March 2nd through the 8th were National Patient Safety Awareness Week – I don’t really know what that means either. We seem to have a lot of these kinds of days and weeks – my daughters pointed out that March 4 was National Pancake Day – with resultant implications for our family meals.
But back to patient safety and National Patient Safety Awareness Week. In recognition, I thought it would be useful to talk about one organization that is doing so much to raise our awareness of the issues of patient safety. Which organization is this? Who seems to be leading the charge, reminding us of the urgent, unfinished agenda around patient safety?
It’s an unlikely one: The Office of the Inspector General of the Department of Health and Human Services. Yes, the OIG. This oversight agency strikes fear into the hearts of bureaucrats: OIG usually goes after improper behavior of federal employees, investigates fraud, and makes sure your tax dollars are being used for the purposes Congress intended.
In 2006, Congress asked the OIG to examine how often “never events” occur and whether the Centers for Medicare and Medicaid Services (CMS) adequately denies payments for them. The OIG took this Congressional request to heart and has, at least in my mind, used it for far greater good: to begin to look at issues of patient safety far more broadly.
Taken from one lens, the OIG’s approach makes sense: the federal government spends hundreds of billions of dollars on healthcare for older and disabled Americans and Congress obviously never intended those dollars pay for harmful care. So, the OIG thinks patient safety is part of its role in oversight, and thank goodness it does.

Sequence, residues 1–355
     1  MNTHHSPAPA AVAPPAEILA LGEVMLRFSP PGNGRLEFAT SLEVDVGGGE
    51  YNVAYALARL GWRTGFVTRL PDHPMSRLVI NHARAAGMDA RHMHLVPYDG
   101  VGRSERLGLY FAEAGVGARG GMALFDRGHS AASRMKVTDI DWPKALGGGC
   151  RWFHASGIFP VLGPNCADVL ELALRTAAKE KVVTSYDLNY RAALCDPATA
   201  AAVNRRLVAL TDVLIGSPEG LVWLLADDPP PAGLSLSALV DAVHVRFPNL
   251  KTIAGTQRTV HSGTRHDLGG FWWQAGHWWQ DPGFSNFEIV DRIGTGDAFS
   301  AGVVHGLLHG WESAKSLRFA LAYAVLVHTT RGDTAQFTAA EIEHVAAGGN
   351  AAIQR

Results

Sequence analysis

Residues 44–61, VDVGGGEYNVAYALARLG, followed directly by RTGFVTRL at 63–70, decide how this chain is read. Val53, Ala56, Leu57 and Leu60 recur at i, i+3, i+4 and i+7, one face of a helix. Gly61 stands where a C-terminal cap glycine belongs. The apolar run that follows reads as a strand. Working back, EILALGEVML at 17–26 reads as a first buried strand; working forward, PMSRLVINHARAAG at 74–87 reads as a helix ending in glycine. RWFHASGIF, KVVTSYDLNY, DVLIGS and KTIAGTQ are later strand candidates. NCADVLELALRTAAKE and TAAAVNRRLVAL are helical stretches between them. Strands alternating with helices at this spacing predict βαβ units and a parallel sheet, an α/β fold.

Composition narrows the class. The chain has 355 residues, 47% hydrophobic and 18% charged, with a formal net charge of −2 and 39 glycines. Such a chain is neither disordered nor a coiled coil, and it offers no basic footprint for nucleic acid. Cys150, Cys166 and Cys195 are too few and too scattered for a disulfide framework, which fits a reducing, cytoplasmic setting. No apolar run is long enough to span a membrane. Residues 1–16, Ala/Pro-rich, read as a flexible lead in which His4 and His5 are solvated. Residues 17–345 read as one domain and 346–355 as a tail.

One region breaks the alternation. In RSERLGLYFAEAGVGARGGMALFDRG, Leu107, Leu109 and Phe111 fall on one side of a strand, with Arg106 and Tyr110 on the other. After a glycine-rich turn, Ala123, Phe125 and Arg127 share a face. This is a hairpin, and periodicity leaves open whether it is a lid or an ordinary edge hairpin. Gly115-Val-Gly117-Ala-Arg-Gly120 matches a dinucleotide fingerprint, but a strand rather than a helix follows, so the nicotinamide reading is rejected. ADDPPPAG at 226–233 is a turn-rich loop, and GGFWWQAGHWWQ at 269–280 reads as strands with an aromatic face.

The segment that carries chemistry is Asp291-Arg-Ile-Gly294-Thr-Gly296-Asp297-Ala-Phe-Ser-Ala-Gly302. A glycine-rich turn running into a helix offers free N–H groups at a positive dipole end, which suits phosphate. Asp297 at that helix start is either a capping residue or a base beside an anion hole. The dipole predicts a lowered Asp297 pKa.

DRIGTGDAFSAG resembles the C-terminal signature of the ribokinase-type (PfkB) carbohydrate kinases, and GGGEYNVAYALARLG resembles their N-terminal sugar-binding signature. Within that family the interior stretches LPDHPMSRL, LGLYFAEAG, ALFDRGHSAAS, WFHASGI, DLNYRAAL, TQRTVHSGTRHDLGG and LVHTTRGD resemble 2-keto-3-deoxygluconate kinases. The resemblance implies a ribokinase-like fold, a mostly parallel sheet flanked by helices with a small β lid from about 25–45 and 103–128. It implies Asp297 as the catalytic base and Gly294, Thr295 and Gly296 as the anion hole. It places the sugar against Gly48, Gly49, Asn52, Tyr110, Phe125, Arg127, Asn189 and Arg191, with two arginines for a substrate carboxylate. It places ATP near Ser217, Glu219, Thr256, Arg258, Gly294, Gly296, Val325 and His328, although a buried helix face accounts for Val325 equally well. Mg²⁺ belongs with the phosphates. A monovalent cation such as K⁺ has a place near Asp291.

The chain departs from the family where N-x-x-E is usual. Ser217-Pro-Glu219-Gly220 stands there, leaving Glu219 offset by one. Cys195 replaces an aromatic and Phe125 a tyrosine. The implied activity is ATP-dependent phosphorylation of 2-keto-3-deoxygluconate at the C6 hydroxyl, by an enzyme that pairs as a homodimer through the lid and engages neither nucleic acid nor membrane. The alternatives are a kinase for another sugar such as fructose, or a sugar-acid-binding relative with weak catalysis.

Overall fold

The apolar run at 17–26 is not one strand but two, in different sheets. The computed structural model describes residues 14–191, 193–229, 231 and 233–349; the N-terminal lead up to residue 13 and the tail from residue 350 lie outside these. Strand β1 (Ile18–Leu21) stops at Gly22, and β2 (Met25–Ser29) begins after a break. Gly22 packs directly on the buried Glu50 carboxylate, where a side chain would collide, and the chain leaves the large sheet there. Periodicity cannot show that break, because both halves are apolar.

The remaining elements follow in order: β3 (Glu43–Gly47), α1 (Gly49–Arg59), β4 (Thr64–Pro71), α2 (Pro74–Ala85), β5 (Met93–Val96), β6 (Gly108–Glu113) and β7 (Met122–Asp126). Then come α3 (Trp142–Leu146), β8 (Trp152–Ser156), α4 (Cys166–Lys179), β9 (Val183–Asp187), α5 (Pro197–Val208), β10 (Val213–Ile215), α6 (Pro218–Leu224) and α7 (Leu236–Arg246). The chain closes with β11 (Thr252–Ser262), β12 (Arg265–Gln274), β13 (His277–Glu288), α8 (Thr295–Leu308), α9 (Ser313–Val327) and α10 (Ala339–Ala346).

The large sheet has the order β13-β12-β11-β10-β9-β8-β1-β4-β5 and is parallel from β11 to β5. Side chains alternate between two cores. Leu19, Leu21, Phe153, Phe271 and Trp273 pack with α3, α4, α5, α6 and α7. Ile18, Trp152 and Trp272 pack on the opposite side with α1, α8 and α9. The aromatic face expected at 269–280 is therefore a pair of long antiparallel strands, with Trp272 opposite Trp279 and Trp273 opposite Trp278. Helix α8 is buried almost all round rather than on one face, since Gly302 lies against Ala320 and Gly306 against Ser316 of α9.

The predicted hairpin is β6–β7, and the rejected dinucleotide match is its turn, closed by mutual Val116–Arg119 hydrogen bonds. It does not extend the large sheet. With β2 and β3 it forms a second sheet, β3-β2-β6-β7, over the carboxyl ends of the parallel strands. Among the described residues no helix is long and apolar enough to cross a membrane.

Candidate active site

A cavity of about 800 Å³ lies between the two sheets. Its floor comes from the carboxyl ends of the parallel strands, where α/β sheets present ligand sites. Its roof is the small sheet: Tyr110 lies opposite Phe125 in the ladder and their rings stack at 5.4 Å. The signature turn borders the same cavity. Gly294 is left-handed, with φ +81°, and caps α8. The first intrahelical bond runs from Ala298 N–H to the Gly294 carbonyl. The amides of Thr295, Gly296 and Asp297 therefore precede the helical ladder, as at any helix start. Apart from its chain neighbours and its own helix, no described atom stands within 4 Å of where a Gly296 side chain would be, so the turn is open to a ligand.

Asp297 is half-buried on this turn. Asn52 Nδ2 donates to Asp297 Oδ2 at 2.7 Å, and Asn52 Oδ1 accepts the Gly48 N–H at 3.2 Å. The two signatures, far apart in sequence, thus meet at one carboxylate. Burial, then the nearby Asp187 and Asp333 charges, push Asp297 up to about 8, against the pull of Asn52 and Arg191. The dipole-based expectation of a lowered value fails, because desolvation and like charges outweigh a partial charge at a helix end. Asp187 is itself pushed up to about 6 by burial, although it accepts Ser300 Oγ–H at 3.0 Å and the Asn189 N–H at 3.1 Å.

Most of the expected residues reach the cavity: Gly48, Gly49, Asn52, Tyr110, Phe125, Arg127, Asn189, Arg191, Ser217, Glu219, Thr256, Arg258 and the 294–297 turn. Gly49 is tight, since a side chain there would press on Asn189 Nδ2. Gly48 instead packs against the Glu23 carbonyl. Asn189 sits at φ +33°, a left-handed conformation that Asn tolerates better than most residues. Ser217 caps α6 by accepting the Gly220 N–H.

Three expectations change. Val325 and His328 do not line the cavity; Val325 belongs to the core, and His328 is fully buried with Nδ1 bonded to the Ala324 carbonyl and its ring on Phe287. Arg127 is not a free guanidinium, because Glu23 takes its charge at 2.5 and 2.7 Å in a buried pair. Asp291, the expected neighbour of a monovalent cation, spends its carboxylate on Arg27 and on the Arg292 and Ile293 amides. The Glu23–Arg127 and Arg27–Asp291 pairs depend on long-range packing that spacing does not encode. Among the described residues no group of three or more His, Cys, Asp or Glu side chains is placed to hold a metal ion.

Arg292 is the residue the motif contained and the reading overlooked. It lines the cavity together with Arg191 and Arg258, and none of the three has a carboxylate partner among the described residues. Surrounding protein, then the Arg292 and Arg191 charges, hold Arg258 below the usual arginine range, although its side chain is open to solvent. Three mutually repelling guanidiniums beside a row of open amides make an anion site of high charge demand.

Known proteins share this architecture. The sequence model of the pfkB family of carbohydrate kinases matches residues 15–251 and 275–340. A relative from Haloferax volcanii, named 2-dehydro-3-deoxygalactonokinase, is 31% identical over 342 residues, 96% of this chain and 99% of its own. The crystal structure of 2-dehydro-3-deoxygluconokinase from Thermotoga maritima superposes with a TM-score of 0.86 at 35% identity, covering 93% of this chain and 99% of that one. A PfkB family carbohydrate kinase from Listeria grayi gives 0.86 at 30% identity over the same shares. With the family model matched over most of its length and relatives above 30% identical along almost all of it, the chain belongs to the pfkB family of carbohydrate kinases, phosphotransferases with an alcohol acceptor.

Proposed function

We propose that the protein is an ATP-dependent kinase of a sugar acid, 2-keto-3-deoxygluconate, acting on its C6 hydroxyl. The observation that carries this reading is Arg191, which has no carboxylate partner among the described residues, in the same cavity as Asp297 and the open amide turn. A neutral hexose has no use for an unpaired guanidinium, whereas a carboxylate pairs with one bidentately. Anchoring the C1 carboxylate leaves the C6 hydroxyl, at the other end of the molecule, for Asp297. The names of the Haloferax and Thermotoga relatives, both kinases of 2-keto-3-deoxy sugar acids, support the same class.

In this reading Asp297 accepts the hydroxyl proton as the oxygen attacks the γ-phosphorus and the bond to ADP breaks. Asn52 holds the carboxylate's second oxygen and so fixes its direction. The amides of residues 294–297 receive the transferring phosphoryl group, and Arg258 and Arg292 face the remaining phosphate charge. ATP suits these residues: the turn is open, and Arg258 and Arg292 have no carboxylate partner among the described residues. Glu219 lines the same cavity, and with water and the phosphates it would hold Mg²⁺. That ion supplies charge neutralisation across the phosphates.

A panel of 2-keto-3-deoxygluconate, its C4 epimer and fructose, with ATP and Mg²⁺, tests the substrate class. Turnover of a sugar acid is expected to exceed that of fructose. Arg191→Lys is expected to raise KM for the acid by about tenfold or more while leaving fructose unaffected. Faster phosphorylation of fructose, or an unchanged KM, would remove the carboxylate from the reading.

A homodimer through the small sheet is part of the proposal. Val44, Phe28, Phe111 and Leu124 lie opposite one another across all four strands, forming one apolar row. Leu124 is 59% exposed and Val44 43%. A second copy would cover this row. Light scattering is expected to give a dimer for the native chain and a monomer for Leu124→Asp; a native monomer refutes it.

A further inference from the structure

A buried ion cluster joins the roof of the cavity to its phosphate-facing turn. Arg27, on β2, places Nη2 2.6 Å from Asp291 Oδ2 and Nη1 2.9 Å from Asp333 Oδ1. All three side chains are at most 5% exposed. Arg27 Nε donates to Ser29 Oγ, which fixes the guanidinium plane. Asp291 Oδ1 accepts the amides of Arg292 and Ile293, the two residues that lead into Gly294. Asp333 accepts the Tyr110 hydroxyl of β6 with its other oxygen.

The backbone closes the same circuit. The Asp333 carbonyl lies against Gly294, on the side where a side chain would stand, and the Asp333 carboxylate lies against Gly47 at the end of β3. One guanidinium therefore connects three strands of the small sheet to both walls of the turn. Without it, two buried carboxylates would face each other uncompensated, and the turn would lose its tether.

Because in a world where patient safety gets a lot of discussion but much less action, the OIG keeps the issue on the front burner, reminding us of the human toll of inaction.
By BOB WACHTER
Earlier this month, the National Quality Forum released its revised list of “Serious Reportable Events in Healthcare, 2011,” with four new events added to the list. While the NQF no longer refers to this list as “Never Events,” it doesn’t really matter, since everyone else does. And this shorthand has helped make this list, which will soon mark its tenth anniversary, a dominant force in the patient safety field.
The NQF was founded in 1999 at the recommendation of Al Gore’s Presidential Advisory Commission on healthcare quality. For its founding chair, the organization selected Ken Kizer, a no-nonsense, seasoned physician-administrator who had just done a spectacular job of transforming the VA system from the subject of scathing articles and movies into a model of high-quality healthcare, a veritable star in patient safety galaxy.
Kizer’s original charge at NQF was to develop a Good Housekeeping seal-equivalent for quality measures (“NQF-endorsed measures”). But soon after he arrived, Kizer added another item to the NQF’s wish list: the creation of a list of medical errors and harm that might ultimately be the subject of a nationwide state-based reporting system. As Kizer said at the time,
This is intended to be a list of things that just should not happen in health care today. For example, operating on the wrong body part [or] a mother dying during childbirth. That’s such a rare event today that it’s generally viewed as something that just shouldn’t happen. Now, there’s probably going to be an occasion now and then when it happens and everything was done right, but it’s so infrequent that it means you have to investigate it every time it occurs. So “never” has quotes around it in this case. Now, wrong-site surgery is a different story—that should never happen. There’s no way that you should take off the right leg when you’re supposed to do the left one. So in this case, never really means never.
Unsurprisingly, the items on the list quickly became known as “Never Events.” Twenty-seven of them were announced in 2002, and the list was expanded and revised four years later. (This primer, written by my colleague Sumant Ranji for our patient safety website, AHRQ Patient Safety Network, is the best description of the list and some of its policy implications.)Continue reading…